The ED NEWS
“Ignorance is the parent of fear.”
Peter Greene, on his CURMUDGUCATION blog, reacts to Mark Naison’s account (highlighted by the “Ed News) of the meeting between 6 BATS (Badass Teachers Association) members and U.S. Department of Education Secretary of Education Arne Duncan after the group’s protest rally in Washington, D.C., on Monday. “I have no idea what might actually come out of the meeting,” Greene concludes, “but it’s certainly heartening to many folks to know that some unedited unfiltered words were spoken in a DOE meeting room. That, and a face to face meeting, is no small thing.”
The author of this commentary on the nyc educator blog compares the social science axiom known as “Campbell’s Law” to what he refers to as the newly minted “Campbell Brown’s Law” as he discusses the movement to remove teacher tenure. The item includes a link to Wikipedia explaining the former and the writer does an excellent job describing the latter. Campbell Brown, by-the-way, was a TV newsperson and anchor for NBC and CNN. For more on Brown and what she might be up to with her attacks on teacher tenure, Jeff Bryant on SALON believes she may be taking over the mantle of education “reformer” that has been slipping away from Michelle Rhee. You’ll have to read the piece to see how he weaves Ann Coulter into all of this. Campbell Brown is drawing a lot of reaction from the education media lately. On her “Answer Sheet” blog for The Washington Post, Valerie Strauss demonstrates how Brown’s anti-union group, the Partnership for Educational Justice, “lifted” a slogan from the American Federation of Teachers and used it as part of their mission statement. That doesn’t seem to be very just. The Jersey Jazzman has a simple question in the headline of a recent column: “What Exactly Does Campbell Brown Want?” He, too, is not impressed with either her educational qualifications or her proposed solutions. “I wouldn’t expect an educational tourist like Brown,” he complains, “to have developed any sophisticated opinions about the massive difficulties in determining who would and would not be found effective in a high-stakes decision like granting tenure or determining who gets let go in a layoff. I would, however, expect her to be able to articulate,” he continues, “a vision for how she thinks schools would function in a tenureless world — especially since she has decided to take on the role of an anti-tenure crusader.” Brown appeared on the Colbert Report show on Comedy Central last night. Her appearance drew a group of protesters outside the studio where the taping took place. They wanted her to reveal who’s funding her organization and backing the Vergara-like lawsuit she’s supporting to end tenure in New York. Colbert asked her that precise question and you can see how she responded on the video (7:57 minutes) segment here.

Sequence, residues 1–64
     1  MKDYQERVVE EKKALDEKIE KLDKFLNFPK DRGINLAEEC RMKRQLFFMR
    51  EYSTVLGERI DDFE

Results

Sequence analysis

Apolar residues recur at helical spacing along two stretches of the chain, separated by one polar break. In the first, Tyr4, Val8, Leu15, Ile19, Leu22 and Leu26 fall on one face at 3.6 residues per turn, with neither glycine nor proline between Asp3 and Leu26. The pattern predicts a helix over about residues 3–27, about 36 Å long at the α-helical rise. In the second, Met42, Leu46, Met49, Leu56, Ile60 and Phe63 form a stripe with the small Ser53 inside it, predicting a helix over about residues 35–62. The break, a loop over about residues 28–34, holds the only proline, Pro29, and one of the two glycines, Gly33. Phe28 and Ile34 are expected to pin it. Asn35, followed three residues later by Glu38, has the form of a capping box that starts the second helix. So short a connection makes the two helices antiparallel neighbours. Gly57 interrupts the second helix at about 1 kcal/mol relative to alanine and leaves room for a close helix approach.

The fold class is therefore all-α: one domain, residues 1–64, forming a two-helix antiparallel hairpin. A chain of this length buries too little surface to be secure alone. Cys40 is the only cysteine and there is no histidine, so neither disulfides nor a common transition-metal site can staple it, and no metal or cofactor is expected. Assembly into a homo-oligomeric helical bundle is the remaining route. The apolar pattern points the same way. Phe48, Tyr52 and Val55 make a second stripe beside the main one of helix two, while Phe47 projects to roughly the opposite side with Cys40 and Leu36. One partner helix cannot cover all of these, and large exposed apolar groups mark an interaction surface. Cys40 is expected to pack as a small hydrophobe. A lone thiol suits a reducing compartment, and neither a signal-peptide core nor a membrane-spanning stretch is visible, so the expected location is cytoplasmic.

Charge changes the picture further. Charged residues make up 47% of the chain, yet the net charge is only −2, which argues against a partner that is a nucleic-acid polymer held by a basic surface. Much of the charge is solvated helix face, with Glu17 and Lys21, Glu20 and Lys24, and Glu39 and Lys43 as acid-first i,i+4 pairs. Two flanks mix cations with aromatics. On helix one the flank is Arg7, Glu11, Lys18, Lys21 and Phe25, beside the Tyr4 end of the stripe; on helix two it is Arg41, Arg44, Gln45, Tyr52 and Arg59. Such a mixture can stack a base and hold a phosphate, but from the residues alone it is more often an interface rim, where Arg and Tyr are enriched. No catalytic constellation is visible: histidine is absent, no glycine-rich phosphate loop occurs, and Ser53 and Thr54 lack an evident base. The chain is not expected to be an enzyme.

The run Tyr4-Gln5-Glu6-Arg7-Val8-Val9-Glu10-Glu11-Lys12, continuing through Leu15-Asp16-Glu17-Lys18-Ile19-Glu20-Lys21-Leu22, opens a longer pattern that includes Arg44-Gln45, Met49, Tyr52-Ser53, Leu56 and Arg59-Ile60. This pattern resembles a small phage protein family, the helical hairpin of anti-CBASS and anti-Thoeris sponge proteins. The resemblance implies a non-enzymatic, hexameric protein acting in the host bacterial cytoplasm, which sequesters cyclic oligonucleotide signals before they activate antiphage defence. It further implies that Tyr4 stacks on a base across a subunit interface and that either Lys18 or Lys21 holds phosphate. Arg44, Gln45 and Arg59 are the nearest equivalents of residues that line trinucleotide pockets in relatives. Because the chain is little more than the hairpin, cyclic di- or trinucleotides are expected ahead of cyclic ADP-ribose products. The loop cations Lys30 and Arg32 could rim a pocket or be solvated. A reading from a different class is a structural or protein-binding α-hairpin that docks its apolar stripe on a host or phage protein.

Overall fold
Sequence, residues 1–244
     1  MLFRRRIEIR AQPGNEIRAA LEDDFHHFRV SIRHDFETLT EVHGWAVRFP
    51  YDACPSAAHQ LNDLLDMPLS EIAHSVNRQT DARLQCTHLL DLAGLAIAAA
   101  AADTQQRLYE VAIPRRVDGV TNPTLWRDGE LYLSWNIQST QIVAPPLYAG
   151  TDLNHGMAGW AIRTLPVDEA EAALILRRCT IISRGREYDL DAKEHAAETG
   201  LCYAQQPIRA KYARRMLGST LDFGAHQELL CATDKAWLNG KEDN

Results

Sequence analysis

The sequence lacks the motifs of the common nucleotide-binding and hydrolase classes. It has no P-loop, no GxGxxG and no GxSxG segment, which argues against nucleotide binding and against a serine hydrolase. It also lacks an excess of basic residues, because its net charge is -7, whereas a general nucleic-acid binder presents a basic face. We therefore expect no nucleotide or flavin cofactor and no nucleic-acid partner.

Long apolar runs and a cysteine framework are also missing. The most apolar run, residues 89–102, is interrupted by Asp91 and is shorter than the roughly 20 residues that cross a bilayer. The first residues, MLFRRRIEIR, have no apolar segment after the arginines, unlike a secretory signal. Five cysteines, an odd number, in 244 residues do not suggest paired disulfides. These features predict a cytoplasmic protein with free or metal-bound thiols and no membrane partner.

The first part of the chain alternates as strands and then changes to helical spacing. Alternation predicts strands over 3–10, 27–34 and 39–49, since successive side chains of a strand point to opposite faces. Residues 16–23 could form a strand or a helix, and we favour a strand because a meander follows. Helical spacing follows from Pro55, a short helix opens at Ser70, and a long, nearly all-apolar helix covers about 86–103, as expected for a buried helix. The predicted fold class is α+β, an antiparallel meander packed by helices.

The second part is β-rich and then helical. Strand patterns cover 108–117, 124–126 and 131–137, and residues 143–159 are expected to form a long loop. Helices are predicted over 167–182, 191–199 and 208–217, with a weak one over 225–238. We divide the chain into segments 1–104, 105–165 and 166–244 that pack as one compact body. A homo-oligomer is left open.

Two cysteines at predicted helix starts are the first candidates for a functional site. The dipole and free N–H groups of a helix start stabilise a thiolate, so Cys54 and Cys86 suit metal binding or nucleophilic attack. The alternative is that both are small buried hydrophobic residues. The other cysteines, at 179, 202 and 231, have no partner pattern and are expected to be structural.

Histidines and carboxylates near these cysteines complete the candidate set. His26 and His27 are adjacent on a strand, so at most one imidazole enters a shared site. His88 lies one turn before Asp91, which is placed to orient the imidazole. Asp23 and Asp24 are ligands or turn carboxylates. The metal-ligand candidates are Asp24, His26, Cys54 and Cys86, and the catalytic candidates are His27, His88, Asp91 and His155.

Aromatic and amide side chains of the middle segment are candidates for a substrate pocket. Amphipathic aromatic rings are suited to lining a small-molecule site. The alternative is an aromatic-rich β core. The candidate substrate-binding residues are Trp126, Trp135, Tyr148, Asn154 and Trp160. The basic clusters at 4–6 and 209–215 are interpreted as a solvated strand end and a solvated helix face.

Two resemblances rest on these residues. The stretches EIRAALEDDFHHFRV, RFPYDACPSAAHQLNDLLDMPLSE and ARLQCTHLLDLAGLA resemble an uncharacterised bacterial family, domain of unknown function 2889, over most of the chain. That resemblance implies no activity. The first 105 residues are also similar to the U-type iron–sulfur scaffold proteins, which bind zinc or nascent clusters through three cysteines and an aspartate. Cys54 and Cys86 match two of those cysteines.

The author of this item from lohud.com (Lower Hudson Journal News) pulls back the curtain on how cut scores are established for Pearson’s standardized tests. He uses the process as it played out in New York to ask were the cut scores fair? He was able to track down 18 of the 95 educators who were involved in setting the scores and they revealed how it all took place and what their opinion were of it. “Some panelists defended the scoring system and some reluctantly accepted the results,” he reports, “while others came away feeling the process was so tightly controlled that the results were inevitable.” This is an interesting and rare behind the scenes view of how the results can possibly be manipulated.